In my training towards triathlons, the ultimate lesson zeroes down to one precious learning – to become good at this sport you need to become good at coping with the discomforts and stresses that endurance sports bring you face to face with. When the body is telling you one thing and the mind the other, it is never telling you the same thing and comprehending the difference is in knowing what to do next.
I had not raced in over the two years of the pandemic and I had to put all that training to good use. My body was ready but my mind had some shaping up to do. I was surrounded by many doubts. Through the days nearing the event, all day I hoped for it all to go well, especially on the bike course. I hoped against cramping, against technical glitches and when the day came I felt ready.
Standing at the start line, running into deep waters as the gun went off, my strokes were as strong as my thoughts. Swimming has always been my strongest discipline but one can’t predict the choppy waters or the sun on your head or another athlete trying to overtake you. It’s not like swimming in the pool for sure. But here I was done and dusted with the swim part, headed fast into the transition areas. I struggled getting the wetsuit off me. I was juggling the mind and body, but my body was slower and zillion things went on in my head. I got onto my bike and off I went into the grizzly mist.
As I mounted my bike, I could feel my legs getting heavy, a weight I was finding difficult to carry but my mind kept telling me just stay on course and maintain the pace so I wouldn’t get any slower .
A few minutes onto the bike course it didn’t feel easy at all. Easy it never is, but the discomfort was on the rise. As I fired up to gain distance as fast I could, I had now cramped my left calf adductors. I had lot of questions going on in my head – should I stop and shake out the legs and saddle back up? Finishing the bike course in agony would ultimately result in poor run performance. I did have a run leg of 21 kms ahead of me before I reached the finish line. So what was it going to be???? This was the question which needed an immediate answer.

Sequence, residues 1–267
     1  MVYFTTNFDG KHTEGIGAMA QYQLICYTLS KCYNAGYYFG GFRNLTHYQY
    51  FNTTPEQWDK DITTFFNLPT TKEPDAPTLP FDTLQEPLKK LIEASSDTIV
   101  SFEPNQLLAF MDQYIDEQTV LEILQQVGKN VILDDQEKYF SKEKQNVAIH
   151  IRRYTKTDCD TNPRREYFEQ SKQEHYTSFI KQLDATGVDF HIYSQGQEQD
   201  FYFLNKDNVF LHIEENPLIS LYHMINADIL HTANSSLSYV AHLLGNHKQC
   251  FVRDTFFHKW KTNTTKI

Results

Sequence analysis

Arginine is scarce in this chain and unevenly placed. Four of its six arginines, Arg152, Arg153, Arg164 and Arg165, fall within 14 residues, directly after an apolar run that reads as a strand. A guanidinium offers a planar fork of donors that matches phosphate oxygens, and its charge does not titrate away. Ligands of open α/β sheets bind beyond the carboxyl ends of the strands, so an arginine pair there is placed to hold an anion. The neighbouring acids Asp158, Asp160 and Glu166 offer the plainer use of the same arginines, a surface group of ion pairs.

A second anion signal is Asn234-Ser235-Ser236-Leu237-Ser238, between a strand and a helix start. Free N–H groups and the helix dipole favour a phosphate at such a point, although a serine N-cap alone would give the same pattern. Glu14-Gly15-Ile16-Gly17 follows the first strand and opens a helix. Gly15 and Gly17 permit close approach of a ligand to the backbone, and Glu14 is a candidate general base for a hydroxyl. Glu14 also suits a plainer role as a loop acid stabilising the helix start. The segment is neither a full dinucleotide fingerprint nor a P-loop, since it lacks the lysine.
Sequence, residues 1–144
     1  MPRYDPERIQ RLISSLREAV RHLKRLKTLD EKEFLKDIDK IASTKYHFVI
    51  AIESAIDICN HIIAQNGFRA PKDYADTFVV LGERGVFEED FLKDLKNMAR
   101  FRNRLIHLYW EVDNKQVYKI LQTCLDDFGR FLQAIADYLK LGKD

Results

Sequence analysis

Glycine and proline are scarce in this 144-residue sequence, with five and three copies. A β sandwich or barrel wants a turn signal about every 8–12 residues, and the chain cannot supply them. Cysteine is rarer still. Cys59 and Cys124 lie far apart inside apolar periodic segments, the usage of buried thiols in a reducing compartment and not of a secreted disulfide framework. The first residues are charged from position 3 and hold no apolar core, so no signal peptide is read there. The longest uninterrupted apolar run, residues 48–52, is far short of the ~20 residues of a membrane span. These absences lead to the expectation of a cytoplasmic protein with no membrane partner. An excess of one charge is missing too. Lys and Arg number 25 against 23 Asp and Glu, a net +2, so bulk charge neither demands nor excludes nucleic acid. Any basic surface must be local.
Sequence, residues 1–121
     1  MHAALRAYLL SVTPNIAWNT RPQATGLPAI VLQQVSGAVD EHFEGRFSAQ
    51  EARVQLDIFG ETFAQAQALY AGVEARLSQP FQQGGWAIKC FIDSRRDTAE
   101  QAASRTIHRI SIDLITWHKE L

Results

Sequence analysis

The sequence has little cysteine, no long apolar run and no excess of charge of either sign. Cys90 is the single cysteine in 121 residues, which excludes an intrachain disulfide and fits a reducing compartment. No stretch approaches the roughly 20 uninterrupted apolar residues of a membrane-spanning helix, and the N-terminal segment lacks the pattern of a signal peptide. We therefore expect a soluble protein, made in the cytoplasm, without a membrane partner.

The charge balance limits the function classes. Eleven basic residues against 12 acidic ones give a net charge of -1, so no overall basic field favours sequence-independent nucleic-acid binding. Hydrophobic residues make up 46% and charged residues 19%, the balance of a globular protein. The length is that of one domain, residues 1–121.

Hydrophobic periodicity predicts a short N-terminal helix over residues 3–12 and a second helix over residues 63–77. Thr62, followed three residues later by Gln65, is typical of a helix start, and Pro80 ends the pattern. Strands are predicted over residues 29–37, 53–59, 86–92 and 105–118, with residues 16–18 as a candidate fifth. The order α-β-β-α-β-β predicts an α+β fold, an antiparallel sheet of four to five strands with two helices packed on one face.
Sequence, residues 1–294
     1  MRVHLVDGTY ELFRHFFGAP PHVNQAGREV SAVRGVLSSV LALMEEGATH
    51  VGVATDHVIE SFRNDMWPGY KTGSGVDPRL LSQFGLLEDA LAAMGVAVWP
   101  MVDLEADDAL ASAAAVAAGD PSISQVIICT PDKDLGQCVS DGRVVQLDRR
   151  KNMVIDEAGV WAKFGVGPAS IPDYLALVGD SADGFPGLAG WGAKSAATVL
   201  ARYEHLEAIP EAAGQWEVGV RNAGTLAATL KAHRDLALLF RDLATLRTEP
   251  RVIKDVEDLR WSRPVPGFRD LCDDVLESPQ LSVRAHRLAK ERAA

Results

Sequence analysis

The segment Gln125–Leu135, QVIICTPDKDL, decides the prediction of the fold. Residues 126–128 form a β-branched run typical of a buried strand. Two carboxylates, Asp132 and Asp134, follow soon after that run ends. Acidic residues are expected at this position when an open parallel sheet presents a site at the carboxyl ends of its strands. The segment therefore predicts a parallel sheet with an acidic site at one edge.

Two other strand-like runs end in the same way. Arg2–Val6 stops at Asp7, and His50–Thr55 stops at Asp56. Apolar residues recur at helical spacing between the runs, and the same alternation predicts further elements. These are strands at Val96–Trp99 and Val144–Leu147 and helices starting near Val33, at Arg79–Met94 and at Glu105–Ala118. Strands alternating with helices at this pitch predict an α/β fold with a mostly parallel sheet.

We all have some reserves left before that point of exhaustion comes. Hard physical limits do exist, but no athlete renews them purely on physiological limits. It’s our minds that reach a road block before our body does.
I made a 3-min stop. My legs felt under a truck of fatigue, and I had to release my legs in very little time. There was heavy cross wind and head winds on that course. The only advantage I had was that it was a relative flat course but that was only a small advantage.
My heart sank as the referee came close and asked me if all was well. I feared he would give me a blue or yellow card which would cost me another few minutes of my race time but he was concerned as I had stopped in the middle of the bike course. Phew! I smiled and saddled back up.
It is impossible to become a top glass endurance athlete without a high level of inherited physical fitness and same goes for one’s mental fitness too. Finally it all comes down to how much ONE can suffer!
Riding into my last few kilometres I felt I was getting blurry images. A lot of factors were at play here. For instance I could feel my shoulder muscles clamped and tightening. I would constantly try and release the shoulder muscle by pressing them the best I could while riding in TT position. It just wasn’t getting easier. My mind kept telling me that I only had a few more kilometres to ride and these had to be my most fast and powerful splits.